BURLINGTON, Mass., Sept. 23, 2021 /PRNewswire/ -- Aura, a leading provider of all-in-one digital security solutions for consumers, today released the results of a new survey of over 2,000 U.S. adults conducted in partnership with The Harris Poll, measuring their perspective on the future of cybercrime and data protection. The survey found that 76% of Americans recognize that data breaches are serious, high awareness that may be driven by news of major consumer, enterprise, and infrastructure breaches over the past year alone. In fact, nearly nine out of 10 Americans (87%) see cyber warfare as a threat to the safety and well-being of the next generation — more so than global warming (77%) and COVID-19 or another pandemic (81%).
"Our mission at Aura is to create a safer internet for everyone. This data shows that Americans appropriately believe there is a gap in their online protection today and are uncertain about their digital futures as we increasingly live our lives on devices," said Hari Ravichandran, founder & CEO at Aura. "Even so, their behaviors online are risky at best and are putting them at risk of cybercrime. Aura hopes to help solve this problem for consumers by providing resources, products and guidance on how to keep your identity, finances and devices safe from online threats."
Uncertainty about the future of cybercrime over the next 10 years
Most U.S. adults worry a lot about data breaches (60%) and the safety of their personal information online (52%) — but a worrying 34% say they have stopped paying attention to data breaches because they happen so often. Aura found that fear and concern about cybercrime also differs by generation, with 95% of those 65+ seeing cybercrime as a threat to the next generation vs. 82% of 18-34 year olds.
Further, Americans are torn on whether things will improve by 2030:
- Nearly half (45%) expect to feel more secure online in 2030 compared to today, either due to fewer cybercriminals (11%) or more products/solutions to combat them (34%)
- However, many people believe they will feel about the same (26%) or even less secure (22%) in 2030 than they feel online today
Risky behavior contributing to increasing digital crime
Although awareness of cybercrime has clearly heightened, Aura found a correlation between adults who are engaging in risky online behaviors and those who have experienced digital crime. According to the FTC, total fraud losses cost Americans $3.3B in 2020, an increase of 83% YoY. This could be, in part, due to sustained online behaviors of which cybercriminals are taking advantage.
The survey found that about 1 in 2 Americans who have experienced digital crime have opened emails from unknown senders (51%) and have downloaded software/files from unknown origins (50%). There are even higher instances of risky behavior like using the same passwords across multiple accounts; 74% of those who have experienced digital crime say they have done that. These behaviors open consumers up to potentially damaging occurrences like ransomware, malware, data theft and other forms of digital crime.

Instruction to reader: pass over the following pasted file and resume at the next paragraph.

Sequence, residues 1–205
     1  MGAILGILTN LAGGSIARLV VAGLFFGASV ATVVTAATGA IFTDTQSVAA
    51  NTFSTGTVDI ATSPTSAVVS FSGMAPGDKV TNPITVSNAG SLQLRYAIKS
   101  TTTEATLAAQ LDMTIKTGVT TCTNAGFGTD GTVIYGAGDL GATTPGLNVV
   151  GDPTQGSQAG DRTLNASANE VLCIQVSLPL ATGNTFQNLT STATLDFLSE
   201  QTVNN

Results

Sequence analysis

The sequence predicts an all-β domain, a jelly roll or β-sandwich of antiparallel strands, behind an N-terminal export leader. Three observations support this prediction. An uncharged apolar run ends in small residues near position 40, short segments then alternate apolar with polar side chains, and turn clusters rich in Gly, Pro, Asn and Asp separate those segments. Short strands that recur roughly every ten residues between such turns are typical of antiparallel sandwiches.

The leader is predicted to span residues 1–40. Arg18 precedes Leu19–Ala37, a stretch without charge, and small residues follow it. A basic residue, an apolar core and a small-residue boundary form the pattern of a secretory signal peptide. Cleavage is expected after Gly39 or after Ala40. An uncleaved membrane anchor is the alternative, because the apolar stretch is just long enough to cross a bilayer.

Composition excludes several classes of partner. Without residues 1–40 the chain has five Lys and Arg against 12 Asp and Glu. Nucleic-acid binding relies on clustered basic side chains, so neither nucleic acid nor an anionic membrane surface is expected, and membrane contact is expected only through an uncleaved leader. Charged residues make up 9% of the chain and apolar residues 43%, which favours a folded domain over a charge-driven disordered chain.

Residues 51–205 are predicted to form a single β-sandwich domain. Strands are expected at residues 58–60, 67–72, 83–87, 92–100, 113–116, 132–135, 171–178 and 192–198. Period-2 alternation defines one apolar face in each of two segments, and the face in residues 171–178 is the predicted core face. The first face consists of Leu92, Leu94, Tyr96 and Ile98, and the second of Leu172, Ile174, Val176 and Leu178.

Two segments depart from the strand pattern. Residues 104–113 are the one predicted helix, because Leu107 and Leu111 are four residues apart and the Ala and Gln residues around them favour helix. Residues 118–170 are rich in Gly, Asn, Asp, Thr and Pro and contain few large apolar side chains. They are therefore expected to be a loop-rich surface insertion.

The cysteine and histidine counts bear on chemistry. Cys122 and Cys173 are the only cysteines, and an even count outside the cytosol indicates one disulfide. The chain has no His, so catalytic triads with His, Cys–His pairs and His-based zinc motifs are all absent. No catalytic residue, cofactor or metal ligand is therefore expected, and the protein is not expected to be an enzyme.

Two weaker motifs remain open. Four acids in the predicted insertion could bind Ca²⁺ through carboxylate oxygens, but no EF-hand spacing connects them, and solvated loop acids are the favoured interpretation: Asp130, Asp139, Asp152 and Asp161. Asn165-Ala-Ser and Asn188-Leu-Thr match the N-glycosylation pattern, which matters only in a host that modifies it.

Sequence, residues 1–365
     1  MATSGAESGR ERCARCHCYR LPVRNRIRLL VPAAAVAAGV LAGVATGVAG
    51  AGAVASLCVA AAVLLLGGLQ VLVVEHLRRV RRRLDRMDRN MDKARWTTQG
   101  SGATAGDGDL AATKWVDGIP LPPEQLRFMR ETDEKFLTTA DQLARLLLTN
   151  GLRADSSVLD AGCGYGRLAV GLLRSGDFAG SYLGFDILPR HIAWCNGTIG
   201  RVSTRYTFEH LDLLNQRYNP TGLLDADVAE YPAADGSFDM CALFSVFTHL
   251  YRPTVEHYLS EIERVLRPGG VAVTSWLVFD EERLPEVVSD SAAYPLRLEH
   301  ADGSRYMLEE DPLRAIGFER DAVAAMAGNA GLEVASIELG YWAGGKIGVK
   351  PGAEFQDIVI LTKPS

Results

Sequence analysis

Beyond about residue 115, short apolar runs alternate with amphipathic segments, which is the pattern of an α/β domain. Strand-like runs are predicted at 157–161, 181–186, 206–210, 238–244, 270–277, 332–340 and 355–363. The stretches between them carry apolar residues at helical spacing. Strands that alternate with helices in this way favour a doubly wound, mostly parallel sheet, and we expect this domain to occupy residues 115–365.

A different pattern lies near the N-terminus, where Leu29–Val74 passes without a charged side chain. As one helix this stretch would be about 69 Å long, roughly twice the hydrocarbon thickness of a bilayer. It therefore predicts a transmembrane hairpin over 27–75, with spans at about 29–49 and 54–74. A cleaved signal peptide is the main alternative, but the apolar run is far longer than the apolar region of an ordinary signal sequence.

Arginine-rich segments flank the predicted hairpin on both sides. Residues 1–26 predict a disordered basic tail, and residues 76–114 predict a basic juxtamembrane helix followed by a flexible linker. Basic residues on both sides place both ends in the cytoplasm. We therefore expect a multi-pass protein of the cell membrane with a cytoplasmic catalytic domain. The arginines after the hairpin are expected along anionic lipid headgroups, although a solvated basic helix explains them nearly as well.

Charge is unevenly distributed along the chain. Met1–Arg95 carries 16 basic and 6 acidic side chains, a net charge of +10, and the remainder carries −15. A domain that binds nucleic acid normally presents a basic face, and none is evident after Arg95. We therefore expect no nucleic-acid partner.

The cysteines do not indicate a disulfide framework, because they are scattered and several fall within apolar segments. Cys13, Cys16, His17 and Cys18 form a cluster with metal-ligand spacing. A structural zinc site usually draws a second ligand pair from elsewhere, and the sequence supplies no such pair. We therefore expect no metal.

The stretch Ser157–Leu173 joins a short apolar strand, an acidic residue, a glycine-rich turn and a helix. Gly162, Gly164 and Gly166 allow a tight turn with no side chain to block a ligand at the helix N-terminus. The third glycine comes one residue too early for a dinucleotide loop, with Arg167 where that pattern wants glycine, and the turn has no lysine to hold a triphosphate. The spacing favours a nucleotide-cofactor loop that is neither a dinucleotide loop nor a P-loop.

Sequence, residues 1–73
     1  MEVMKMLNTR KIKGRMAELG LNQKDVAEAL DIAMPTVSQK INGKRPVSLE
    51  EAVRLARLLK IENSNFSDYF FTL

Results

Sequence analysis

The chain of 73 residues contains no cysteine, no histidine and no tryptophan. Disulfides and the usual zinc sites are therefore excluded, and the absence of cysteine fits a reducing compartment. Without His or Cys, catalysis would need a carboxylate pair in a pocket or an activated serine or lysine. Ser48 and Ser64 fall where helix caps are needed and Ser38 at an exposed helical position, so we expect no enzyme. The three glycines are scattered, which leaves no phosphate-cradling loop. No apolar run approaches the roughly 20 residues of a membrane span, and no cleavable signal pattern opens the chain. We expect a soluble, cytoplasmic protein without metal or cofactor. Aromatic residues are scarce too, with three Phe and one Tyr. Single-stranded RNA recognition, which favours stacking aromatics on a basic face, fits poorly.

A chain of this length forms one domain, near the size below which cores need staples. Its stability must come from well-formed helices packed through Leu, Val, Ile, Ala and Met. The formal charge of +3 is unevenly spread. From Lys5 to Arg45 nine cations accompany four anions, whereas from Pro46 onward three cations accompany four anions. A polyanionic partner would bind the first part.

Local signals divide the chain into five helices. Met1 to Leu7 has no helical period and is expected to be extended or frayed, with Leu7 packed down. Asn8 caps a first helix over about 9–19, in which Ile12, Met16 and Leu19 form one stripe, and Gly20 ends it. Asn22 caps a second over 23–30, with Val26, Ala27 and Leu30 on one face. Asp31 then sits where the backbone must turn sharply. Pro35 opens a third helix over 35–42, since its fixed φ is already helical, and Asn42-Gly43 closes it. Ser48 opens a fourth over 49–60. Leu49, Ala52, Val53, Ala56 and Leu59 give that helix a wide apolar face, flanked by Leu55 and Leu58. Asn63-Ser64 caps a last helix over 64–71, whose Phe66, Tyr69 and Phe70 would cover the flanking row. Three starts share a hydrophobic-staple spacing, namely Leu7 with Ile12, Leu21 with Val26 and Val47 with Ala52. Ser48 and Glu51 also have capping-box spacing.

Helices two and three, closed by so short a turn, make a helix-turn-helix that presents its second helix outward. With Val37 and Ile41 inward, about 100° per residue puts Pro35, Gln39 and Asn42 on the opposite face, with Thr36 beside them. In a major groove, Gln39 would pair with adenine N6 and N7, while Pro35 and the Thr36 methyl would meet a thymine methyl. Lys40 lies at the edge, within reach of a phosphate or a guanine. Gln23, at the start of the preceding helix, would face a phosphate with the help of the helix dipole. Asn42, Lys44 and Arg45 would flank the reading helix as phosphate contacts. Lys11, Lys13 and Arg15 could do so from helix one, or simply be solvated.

Americans know they need more online protection, but don't trust institutions to keep their data safe
Most U.S. adults (79%) acknowledge that they may not be doing enough to protect their personal information online, but varied obstacles appear to stand in their way. Among those who feel they should do more, the top barriers preventing them from doing so include these steps being too time-consuming (36%) and not having the knowledge of what to do (33%).
Aura also found a low level of trust in institutions to hold and protect personal information, including healthcare providers (52%), financial institutions (45%), their employer/company or school (41%), streaming services (30%), the government (29%) and retailers/online shopping sites (25%).
80% of adults believe the U.S. government has an obligation to protect consumers' personal information. Even more believe the protection of personal data and information should be a right that everyone is given for free (84%) and that data protection should be provided, for free, by schools and employers (83%).
"It's clear that Americans want -- and need -- easier, more accessible ways to protect themselves online, eliminate risky behaviors without disruption to their lives and reduce the clear danger to themselves and their families," said Ravichandran. "Aura strongly believes there should be protections for consumers on all levels - from companies like Aura to state, local and federal governments. We're calling on the current administration to ensure cybersecurity protections for individual consumers --not just enterprise and institutional protections-- are core to the policies in review on the Hill."
Find the full survey report here.
Survey Method: The survey was conducted online within the United States by The Harris Poll on behalf of Aura from Aug. 13-17, 2021 among 2,050 adults ages 18 and older. A separate question was fielded from September 9-13, 2021 among 2,054 adults ages 18 and older. Results were weighted where necessary to bring them into line with their actual proportions in the population. For complete survey methodologies, please contact email@example.com.
Aura is a mission-driven technology company dedicated to creating a safer internet for everyone. We believe that people should be able to live with the peace of mind that their identity, online accounts and devices will remain safe, private and protected, no matter where they go. With an easy to use, integrated suite of services trusted by more than one million customers, Aura makes all-in-one digital security accessible to all. Visit www.aura.com.